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Awareness urged during ADM
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American Diabetes Month (ADM) is a time to communicate the seriousness of diabetes and the importance of proper diabetes control.  

In Effingham County alone, over 3,000 people have diabetes. Effingham Hospital has organized free health screenings and literature giveaways in the hospital to draw attention to this serious and deadly disease.

Free blood glucose screenings will be conducted by Effingham Hospital in the employee health office at Highway 119 on the following dates and times:
• Nov. 13, 8-10 a.m.
• Nov. 20, 8-10 a.m.

For the most accurate reading, individuals are urged to fast two hours before being tested.  Individuals at high risk or experiencing diabetes symptoms should take this opportunity to get tested.  High risk individuals are over the age of 40, overweight, lead sedentary lives and have a family history of diabetes.  African Americans are at increased risk for diabetes.

Symptoms of diabetes are extreme thirst, frequent urination, tingling in hands or feet and blurred vision.

For more information on the screening call Dawn Cheney at 754-6451.

In the U.S., 23.6 million people, 7.8 percent of the population, have diabetes.  Over 5.7 million of these people don’t know they have it.  If current trends continue, one out of three Americans born today will develop diabetes in their lifetime.

• Since 1987 the death rate due to diabetes has increased 45 percent, while the death rates due to heart disease, stroke and cancer have declined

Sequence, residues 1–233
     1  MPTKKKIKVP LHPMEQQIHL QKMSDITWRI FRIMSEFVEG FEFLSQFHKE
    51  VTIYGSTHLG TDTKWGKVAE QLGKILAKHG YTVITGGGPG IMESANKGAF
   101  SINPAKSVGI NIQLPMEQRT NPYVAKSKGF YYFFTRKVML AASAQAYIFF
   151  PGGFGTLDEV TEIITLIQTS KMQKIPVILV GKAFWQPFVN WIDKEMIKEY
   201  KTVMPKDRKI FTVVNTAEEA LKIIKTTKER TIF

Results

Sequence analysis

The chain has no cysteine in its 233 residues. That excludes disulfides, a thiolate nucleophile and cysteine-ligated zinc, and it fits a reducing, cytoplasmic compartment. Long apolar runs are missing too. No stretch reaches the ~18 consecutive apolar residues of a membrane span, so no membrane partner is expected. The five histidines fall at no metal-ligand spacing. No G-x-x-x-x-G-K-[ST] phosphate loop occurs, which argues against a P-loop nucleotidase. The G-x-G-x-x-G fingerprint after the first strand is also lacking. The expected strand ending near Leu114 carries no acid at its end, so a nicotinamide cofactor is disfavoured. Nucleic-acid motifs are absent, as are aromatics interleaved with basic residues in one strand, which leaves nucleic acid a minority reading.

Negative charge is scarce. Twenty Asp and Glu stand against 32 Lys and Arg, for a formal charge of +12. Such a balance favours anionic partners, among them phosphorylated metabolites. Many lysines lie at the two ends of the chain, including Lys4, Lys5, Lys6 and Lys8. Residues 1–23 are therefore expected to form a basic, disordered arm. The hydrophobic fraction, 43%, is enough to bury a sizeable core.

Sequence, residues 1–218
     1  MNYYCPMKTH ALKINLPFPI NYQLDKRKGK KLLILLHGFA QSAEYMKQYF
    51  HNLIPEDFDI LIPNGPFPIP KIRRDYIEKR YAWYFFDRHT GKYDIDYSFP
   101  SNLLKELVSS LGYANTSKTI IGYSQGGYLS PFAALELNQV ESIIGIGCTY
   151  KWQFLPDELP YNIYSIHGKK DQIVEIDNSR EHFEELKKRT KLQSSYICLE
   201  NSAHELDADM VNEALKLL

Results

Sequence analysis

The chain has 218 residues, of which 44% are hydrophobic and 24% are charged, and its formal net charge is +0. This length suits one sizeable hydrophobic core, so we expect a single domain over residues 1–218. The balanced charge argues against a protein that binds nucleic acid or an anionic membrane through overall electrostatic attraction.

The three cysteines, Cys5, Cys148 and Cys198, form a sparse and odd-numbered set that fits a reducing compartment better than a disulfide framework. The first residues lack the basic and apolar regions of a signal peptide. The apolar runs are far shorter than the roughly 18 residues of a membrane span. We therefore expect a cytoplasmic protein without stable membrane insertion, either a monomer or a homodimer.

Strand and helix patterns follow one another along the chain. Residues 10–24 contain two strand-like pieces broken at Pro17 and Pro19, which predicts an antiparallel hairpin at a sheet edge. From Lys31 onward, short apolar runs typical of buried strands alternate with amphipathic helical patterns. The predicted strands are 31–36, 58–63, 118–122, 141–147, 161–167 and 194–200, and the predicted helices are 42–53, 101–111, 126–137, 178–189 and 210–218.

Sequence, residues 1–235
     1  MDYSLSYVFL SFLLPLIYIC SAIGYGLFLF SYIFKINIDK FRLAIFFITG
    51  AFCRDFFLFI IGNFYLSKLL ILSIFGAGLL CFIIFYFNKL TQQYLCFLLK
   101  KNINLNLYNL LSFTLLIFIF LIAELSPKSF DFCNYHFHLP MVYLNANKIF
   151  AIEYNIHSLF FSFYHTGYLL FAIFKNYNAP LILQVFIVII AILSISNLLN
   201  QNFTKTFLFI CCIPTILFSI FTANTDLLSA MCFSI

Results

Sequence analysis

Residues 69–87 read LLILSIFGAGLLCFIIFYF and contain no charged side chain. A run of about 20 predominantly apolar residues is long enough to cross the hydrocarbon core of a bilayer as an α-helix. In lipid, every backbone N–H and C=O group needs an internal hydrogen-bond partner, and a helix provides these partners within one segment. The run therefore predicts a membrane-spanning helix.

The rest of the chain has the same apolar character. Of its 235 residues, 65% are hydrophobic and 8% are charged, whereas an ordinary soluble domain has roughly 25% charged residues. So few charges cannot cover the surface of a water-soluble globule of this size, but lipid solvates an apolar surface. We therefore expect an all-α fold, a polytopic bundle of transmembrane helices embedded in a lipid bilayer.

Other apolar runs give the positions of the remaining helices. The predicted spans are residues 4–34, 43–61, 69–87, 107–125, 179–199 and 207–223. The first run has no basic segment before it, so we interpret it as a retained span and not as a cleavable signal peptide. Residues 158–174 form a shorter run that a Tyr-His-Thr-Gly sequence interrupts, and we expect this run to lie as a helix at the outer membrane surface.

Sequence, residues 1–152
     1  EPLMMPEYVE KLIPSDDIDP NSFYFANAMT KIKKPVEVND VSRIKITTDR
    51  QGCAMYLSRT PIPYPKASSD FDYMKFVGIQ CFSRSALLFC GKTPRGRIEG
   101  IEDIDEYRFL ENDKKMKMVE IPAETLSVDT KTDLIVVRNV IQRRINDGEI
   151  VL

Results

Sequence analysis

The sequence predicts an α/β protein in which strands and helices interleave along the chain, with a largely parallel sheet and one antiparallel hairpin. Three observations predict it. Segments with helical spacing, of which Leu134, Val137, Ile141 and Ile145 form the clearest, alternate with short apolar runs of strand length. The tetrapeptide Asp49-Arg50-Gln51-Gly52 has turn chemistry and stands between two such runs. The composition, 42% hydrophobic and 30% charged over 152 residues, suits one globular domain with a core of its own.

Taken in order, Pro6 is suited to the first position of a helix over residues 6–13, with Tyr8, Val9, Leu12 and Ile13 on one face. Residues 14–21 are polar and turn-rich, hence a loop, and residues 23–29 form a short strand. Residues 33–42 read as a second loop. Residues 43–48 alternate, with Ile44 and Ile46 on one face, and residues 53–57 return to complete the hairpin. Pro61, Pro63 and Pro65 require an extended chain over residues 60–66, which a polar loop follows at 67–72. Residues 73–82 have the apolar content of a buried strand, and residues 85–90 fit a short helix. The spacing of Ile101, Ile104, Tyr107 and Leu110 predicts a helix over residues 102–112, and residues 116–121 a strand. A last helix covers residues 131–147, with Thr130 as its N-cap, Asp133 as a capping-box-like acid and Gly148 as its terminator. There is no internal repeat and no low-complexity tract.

• Keeping blood glucose, blood pressure, and cholesterol in control can make a difference in reducing your risk for heart attack or stroke

• Annual dilated eye exams and routine foot exams and blood pressure checks can prevent blindness, amputations, heart disease, kidney disease and strokes

Diabetes complications
Heart disease and stroke

• Heart disease and stroke account for 65 percent of deaths in people with diabetes
• The risk for stroke and heart disease is 2-4 times higher among people with diabetes

Kidney disease
• Diabetes is the leading cause of kidney failure, accounting for 44 percent of new cases
• In 2002, 45,000 people with diabetes began treatment for end-stage renal disease

• More than 60 percent on non-traumatic lower-limb amputations occur in people with diabetes
• In 2004, 71,000 lower limb amputations were performed on people with diabetes

• Diabetic retinopathy causes 12,000-24,000 new cases of blindness each year making diabetes the leading cause of new blindness in adults 20-74 years of age

Preventing or delaying diabetes complications — remember the ABC’s:
• A is for A1C, short for hemoglobin A1C — measures average blood glucose (sugar) over the past 3 months.  Check twice a year.

• B is for blood pressure. High blood pressure makes the heart work too hard and can cause damage to the kidney and eyes.  Check every doctor’s visit.

• C is for cholesterol. Bad cholesterol, LDL, builds up and clogs arteries, leading to heart attacks and stroke.  Check once a year.

To further increase the knowledge of this serious disease, The American Diabetes Association is hosting Diabetes University 2009 in Brunswick, Savannah and Statesboro. Diabetes University is a half or full-day educational experience designed to reach out to those in the community affected by diabetes.   

As the number of diagnosed diabetics continues to grow, so does the need for diabetes education.

The American Diabetes Association hopes to reach out to more than 500 people to spread the important message of diabetes education.

Anyone who is living with diabetes and wants to learn how to better manage this disease is invited to attend this program. A variety of seminars will be offered on taking care of your eyes, heart, and feet along with exhibits of new products, “Ask the Experts” booths, healthy snacks and door prizes.